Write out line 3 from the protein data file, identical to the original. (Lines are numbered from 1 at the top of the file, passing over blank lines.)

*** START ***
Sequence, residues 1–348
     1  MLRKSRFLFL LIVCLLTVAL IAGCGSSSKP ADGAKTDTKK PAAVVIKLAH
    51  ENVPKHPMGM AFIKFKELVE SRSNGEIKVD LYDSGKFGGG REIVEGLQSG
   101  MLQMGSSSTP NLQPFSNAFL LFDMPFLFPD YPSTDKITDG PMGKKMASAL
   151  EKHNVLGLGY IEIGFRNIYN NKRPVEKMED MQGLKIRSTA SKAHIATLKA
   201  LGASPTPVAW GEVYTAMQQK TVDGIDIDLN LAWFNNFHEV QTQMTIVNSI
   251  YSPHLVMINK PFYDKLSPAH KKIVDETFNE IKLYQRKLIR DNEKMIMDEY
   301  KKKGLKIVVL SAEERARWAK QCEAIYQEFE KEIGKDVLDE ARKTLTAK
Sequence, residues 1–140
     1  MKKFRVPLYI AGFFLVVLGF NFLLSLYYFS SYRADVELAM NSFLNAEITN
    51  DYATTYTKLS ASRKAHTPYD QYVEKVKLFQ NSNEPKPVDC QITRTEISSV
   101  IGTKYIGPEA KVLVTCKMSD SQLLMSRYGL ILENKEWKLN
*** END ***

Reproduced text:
    51  ENVPKHPMGM AFIKFKELVE SRSNGEIKVD LYDSGKFGGG REIVEGLQSG